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Amazon must remove toxic school supplies, kids’ jewelry from US marketplace (wa.gov)
313 points by tareqak 46 days ago | hide | past | web | favorite | 246 comments



"Amazon entered into a nationwide legally binding agreement to block the sale of children’s schools supplies and jewelry on Amazon.com without lab reports and other proof from the sellers that the products are not toxic."

IE Amazon can pass the buck completely to the sellers.

This will simultaneously make it expensive for those sellers actually trying to comply (lab testing is not cheap), and do nothing for those that were likely the problem in the first place (who will just fake lab results and do so at a lesser price)[1]

They should require amazon to randomly sample.

[1] In case you think this is not a real problem note that similar kinds of lab testing requirements destroyed, for example, children's toys except from large scale sellers who could afford the cost of compliance (see https://www.cpsc.gov/Business--Manufacturing/Business-Educat...). You will find basically no small manufacturers of childrens toys anymore. Different cause, but likely same effect.

I'm sure it made things safer in some sense, but yeah.


> They should require amazon to randomly sample.

If governments cared about safety they would do the sampling and fine companies a meaningful percent of profit. That would fix these problems once and for all.

Unfortunately we’ve elected governments that cut regulations which encourages the opposite behavior from companies.


>Unfortunately we’ve elected governments that cut regulation

It's really not that simple. The regulations here benefit Amazon. This is why Facebook is asking to be regulated. It's called regulatory capture. It's a product of corporatism or cronyism. Established corporations lobby for regulations that shut out small business and protect their profits.


While I care a lot about having a competitive marketplace, it's much more important to me that I and my family aren't poisoned. Are you saying that smaller companies can't compete with Amazon if everyone has to check that they're not poisoning us?


>Are you saying that smaller companies can't compete with Amazon if everyone has to check that they're not poisoning us?

Yes, because this adds cost to manufacturing. Imagine if you yourself wanted to make and sell children's jewelry. How difficult would it be for you to get a lab to test all of the stuff you make? Could you make any money after you subtract the cost of these kinds of lab tests?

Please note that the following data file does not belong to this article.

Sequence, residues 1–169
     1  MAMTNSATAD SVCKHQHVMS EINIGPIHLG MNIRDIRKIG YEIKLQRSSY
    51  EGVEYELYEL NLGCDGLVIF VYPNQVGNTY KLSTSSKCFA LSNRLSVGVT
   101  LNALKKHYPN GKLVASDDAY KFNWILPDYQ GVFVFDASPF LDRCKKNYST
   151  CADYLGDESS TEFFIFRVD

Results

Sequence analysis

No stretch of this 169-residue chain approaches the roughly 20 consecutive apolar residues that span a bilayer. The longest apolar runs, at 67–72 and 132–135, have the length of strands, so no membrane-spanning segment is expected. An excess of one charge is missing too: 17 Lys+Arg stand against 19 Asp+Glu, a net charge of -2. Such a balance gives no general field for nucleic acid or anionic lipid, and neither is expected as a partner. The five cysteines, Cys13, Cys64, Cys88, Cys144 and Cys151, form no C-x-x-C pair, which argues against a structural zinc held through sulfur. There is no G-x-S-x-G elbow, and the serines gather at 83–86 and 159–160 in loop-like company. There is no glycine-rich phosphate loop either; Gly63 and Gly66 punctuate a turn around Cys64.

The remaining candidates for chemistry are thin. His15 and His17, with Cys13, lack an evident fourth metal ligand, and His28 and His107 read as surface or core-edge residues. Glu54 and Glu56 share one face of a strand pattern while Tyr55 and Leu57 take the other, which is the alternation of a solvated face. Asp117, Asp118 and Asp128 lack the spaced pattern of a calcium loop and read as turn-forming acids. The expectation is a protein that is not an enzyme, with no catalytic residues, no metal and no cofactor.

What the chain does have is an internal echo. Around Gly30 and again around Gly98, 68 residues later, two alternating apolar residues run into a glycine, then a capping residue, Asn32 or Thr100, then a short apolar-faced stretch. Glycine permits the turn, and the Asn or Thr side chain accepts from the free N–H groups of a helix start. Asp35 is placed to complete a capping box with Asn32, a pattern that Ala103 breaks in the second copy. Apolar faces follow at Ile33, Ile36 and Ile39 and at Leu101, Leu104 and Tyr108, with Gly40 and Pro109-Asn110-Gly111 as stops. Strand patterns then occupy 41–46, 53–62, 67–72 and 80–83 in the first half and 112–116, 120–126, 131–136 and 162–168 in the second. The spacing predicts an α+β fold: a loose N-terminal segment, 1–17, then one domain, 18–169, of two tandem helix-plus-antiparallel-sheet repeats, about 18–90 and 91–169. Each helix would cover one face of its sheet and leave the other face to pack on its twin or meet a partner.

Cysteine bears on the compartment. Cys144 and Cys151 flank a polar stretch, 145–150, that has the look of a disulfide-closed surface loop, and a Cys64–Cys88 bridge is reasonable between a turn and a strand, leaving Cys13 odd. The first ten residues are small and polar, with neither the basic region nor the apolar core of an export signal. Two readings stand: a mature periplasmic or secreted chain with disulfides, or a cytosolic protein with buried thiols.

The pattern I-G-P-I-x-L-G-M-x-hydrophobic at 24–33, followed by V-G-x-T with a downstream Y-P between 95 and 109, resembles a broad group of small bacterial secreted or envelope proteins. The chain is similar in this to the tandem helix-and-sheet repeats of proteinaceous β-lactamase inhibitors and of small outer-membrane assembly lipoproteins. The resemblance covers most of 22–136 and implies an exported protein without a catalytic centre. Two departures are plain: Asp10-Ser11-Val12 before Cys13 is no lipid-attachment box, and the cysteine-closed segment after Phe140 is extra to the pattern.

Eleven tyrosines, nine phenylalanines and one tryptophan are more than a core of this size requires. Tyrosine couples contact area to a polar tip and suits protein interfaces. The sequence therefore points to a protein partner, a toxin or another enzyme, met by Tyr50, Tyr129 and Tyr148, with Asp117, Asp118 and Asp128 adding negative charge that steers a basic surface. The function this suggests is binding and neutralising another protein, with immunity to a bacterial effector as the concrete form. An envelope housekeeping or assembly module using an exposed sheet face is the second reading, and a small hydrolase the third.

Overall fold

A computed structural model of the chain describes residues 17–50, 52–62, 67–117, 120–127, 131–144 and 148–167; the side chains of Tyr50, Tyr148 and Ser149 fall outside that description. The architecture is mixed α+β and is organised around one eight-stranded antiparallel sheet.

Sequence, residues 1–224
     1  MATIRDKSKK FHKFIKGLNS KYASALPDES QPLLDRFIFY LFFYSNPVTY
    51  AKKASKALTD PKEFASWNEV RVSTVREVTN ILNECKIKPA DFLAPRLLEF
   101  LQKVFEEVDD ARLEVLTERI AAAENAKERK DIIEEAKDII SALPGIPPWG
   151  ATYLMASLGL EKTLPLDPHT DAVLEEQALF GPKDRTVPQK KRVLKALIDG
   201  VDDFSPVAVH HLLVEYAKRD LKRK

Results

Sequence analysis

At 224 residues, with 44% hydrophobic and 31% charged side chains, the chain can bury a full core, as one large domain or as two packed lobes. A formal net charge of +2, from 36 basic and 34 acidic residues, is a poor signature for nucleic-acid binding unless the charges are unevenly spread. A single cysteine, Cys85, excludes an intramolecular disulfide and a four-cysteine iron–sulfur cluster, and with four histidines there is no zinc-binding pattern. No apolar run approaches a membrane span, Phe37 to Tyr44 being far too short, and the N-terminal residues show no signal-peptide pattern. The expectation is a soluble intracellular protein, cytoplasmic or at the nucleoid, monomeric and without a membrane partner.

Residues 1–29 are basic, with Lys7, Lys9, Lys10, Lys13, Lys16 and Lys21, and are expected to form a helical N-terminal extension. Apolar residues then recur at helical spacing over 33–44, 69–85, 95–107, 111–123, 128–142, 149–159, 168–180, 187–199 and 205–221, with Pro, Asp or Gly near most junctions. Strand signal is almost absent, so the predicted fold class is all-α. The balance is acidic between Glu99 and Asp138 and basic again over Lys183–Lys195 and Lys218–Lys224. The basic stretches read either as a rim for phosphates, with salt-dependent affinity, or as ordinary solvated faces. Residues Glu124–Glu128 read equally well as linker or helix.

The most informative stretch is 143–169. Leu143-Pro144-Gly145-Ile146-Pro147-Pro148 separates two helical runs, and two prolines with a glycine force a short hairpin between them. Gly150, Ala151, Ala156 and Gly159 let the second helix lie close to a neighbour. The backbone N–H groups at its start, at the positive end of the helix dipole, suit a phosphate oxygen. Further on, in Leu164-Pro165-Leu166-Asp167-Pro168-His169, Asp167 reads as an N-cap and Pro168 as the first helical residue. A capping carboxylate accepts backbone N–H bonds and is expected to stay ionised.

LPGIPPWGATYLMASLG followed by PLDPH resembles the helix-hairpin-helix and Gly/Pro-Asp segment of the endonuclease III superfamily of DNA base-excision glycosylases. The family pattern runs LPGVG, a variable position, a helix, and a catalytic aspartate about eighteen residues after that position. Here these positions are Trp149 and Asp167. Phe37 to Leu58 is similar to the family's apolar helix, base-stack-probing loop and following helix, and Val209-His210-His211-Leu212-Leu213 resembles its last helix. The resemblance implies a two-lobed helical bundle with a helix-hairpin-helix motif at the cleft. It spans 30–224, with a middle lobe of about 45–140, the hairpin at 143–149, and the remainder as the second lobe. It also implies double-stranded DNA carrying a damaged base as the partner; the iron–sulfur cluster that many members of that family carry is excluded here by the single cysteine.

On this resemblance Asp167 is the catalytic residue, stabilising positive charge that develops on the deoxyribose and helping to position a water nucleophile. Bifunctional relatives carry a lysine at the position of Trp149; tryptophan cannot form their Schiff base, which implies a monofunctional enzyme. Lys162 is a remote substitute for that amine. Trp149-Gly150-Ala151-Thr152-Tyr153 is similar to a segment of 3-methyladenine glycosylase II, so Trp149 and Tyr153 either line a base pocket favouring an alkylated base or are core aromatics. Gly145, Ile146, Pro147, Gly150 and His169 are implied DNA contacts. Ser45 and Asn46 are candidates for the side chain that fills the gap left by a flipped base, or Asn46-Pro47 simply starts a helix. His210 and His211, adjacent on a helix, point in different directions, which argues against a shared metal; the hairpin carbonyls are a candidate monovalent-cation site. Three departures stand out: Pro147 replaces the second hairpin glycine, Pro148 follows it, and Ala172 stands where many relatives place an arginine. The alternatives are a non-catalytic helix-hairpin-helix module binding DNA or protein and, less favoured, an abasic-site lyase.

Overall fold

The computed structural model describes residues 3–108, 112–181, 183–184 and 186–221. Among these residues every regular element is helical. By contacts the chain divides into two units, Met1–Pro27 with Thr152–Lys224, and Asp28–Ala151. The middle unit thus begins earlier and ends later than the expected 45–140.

A large company has economies of scale. Finding a lab is a much smaller portion of the cost for them compared to you.


Well, I think most of us make due with just buying ingredients that aren't poisonous when we cook (with the assurance in part coming from independent quality control of said ingredients).

But I'm sure I must have missed why this general principle couldn't be used for other things that we don't want to be toxic.


But the whole argument is that buying parts/ingredients that aren't poisonous isn't enough. You still have to spend a lot of resources on testing. I think that these kinds of regulations should scale with the size of the company/revenue/profit. Smaller companies shouldn't have as great of a burden, so as to encourage competition. (There should still be punishments for them failing though. Eg you're not required to test if you're small, but you can still be punished for selling poisonous products.)


Most regions have prescribed safety standards to meet, for instance the kitemark or the CE mark (http://www.safekids.co.uk/toysafetymarks.html)[http://www.sa... show an item meets the regulatory safety requirements - these aren't added by stores, they are obtained by the manufacturer so that its products can be sold in stores across Britain and Europe.

Saying that the onus should be on stores is crazy, unless you accept that a company should have exclusive rights to your product at which point it become a licensed product and would probably be branded as such.


Oh, I completely agree that the onus shouldn't really be on the store. I was talking about manufacturers that sell it themselves.


Problem is even if you only use safe parts, legally you have to get a lab to test your product. Using lead free everything isn't enough to LEGALLY prove your product is lead free.


Smaller companies in the US would typically know not to put poison in their products in the first place, negating the need for direct lab testing, and those small companies can purchase bulk supplies from sources large enough to do upstream testing.


> Smaller companies in the US would typically know not to put poison in their products in the first place...

The catch is when they buy materials (like paint) that are cheaper because they don't comply. Either because they are made for a market with different regulations, or they have been contaminated some how.

Manufacturers may need to get certifications from suppliers about the materials meeting the regulations, but these won't be the cheapest option.


This is still a problem that could be solved by having governments that actually acted in the interest of their constituents and not just their cronies.


Product safety regulations and other regulations are really not the same thing. Please don't mix them. There's no such thing as regulatory capture by mandating that you aren't allowed to poison people.


Safety regulations that mandate expensive testing can absolutely be a part of regulatory capture. In well thought out regulations the benefits outweigh the costs, but being beneficial doesn't prevent a regulation from entrenching the big players.